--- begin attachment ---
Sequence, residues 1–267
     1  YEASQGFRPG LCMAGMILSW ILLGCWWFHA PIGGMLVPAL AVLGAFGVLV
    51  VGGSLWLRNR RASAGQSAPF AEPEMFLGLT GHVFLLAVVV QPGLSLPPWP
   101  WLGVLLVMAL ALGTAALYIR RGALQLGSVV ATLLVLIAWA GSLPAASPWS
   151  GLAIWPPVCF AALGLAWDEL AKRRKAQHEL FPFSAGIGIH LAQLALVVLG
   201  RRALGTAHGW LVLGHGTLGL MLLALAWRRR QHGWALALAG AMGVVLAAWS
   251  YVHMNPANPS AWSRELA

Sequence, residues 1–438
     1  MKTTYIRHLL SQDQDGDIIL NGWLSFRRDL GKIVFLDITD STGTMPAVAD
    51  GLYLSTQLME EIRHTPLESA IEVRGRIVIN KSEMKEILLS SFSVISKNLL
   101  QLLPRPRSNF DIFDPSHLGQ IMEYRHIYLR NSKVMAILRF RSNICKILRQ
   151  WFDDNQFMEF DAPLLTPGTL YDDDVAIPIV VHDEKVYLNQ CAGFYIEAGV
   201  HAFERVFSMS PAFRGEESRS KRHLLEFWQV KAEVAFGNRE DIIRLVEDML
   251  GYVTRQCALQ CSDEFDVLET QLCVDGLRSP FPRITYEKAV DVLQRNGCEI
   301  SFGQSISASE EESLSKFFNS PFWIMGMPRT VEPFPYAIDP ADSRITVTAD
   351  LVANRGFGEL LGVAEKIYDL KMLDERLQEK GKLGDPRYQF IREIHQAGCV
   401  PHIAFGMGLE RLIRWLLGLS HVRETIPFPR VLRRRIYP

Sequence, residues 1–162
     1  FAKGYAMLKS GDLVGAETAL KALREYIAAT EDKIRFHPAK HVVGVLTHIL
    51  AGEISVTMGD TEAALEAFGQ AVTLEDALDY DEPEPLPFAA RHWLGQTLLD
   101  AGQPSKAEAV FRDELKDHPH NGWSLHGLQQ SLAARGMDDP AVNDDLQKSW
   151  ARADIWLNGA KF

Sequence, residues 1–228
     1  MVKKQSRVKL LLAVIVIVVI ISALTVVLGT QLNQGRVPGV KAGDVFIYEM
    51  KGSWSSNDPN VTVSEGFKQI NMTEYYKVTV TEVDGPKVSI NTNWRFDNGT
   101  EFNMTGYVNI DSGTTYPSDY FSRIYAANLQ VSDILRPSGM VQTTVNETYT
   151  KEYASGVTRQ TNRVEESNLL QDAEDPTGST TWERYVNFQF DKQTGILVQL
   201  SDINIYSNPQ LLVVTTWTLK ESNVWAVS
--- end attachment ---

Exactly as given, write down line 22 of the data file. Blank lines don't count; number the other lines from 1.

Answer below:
   151  ARADIWLNGA KF